Previous studies have suggested that shiftwork can affect the prevalence of metabolic syndrome. This is thought to be related to disturbance of lipid parameters rather than their effects on glucose metabolism. Several complex mechanisms are suspected to be involved and notably insulin resistance, though the available data are limited. The objective of the present study was to provide further evidence for the effects of shiftwork on glucose and lipid metabolism with a specific focus on insulin resistance. A cross-sectional study has recruited 97 shiftworkers (SWs) (three shifts, 8 h) and 95 strictly day workers (DWs) from the same plant for 2001-2002. Several indices of insulin sensitivity or resistance were calculated, based on formulas of the homeostasis model assessment for insulin resistance (HOMA-IR), the Revised-Quicki, McAuley and Disse indices. The HOMA-β-cell index was used as a reflection of pancreatic secretion. Characteristics of the occupation, habitual diet and lifestyles were recorded. Logistic regression analysis in which pancreatic function or insulin sensitivity was the dependent variable was used to compare alternative models.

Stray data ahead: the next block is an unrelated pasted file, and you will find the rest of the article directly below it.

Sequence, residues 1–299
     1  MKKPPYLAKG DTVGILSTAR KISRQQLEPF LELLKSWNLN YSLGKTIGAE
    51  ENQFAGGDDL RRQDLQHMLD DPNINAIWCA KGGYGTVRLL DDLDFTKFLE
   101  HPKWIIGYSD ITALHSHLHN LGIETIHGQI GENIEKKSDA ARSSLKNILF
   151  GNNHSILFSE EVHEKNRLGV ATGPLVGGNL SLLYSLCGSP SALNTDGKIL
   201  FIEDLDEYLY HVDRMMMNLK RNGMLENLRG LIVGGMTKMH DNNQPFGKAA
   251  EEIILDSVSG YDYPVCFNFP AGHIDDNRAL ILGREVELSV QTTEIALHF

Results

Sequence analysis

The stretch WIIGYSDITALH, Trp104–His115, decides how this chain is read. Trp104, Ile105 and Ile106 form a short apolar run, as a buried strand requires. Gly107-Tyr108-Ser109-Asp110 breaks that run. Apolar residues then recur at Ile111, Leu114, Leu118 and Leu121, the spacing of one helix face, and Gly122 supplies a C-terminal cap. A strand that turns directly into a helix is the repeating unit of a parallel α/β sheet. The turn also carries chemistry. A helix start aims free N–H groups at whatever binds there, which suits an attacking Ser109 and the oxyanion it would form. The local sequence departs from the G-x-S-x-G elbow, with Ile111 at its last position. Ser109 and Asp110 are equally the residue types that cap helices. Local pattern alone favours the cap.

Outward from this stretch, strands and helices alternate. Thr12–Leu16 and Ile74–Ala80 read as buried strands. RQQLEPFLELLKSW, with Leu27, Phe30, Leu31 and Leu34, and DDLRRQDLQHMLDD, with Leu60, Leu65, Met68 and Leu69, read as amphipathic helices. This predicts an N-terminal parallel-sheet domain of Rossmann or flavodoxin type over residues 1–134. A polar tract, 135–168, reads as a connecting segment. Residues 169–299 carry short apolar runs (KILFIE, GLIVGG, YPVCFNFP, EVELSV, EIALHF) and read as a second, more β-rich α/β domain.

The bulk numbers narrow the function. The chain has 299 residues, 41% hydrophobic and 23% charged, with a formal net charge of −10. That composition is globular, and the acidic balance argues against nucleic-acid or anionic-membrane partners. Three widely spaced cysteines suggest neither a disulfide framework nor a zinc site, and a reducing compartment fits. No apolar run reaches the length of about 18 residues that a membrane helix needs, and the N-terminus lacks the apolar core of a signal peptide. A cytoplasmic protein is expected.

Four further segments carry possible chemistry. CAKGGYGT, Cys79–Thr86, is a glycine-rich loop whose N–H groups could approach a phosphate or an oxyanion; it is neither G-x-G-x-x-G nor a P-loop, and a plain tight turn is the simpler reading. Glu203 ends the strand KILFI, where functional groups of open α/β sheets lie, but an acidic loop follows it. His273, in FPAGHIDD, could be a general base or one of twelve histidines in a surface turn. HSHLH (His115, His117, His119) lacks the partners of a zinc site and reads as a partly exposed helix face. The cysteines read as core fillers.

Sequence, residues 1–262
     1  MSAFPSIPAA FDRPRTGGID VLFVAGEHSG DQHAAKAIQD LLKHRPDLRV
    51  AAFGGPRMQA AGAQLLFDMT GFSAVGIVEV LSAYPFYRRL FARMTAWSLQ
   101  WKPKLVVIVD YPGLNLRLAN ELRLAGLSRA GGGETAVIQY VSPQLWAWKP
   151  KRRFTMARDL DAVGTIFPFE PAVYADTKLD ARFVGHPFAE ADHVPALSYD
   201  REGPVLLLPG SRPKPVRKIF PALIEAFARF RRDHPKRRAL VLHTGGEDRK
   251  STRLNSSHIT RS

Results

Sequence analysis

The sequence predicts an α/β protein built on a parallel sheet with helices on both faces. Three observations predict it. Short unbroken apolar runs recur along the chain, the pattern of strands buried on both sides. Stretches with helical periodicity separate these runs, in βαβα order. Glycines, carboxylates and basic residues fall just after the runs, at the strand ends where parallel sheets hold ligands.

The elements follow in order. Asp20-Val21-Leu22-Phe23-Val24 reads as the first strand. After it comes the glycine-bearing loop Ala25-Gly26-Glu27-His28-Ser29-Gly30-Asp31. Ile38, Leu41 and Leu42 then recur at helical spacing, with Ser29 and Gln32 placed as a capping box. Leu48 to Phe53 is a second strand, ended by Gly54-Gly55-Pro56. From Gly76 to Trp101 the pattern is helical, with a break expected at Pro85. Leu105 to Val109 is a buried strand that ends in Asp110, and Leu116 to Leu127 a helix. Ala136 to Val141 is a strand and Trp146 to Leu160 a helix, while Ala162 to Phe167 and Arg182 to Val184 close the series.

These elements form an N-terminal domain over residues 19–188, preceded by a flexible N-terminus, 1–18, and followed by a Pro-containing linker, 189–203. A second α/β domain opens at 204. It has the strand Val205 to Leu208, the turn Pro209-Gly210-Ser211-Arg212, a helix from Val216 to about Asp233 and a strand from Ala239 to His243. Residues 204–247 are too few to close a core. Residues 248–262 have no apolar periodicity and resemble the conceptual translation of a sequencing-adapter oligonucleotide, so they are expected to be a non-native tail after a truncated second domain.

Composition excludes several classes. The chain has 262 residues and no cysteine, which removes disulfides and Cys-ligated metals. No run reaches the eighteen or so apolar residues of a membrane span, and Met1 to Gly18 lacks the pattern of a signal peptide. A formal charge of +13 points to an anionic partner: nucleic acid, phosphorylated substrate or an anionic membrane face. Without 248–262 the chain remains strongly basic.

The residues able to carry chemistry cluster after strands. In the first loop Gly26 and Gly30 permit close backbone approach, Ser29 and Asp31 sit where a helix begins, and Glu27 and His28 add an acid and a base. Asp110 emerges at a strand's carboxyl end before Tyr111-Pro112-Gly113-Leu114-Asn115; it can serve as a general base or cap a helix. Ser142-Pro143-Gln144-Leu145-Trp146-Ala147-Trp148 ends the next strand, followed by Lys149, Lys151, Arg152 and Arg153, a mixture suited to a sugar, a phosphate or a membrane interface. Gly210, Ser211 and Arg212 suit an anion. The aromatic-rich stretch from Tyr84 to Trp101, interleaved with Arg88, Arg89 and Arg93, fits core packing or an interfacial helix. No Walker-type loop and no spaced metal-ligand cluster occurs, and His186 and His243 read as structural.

Results: SWs were characterized as having significantly higher triglycerides and free fatty acids and normal but lower blood glucose. The risk of a high β-cell activity was increased almost three-fold in SWs. By adjusting for many confounding factors, SWs had significantly lower insulin sensitivity according to several indices, whereas HOMA-IR was not meaningfully different between shift and DWs. Lower insulin sensitivity and a compensatory pancreas response to maintain a normal glucose tolerance may suggest an intermediate state before development of frank insulin resistance in SWs. Early detection of these moderate alterations of the insulin/glucose balance could be important in the prevention of diabetes.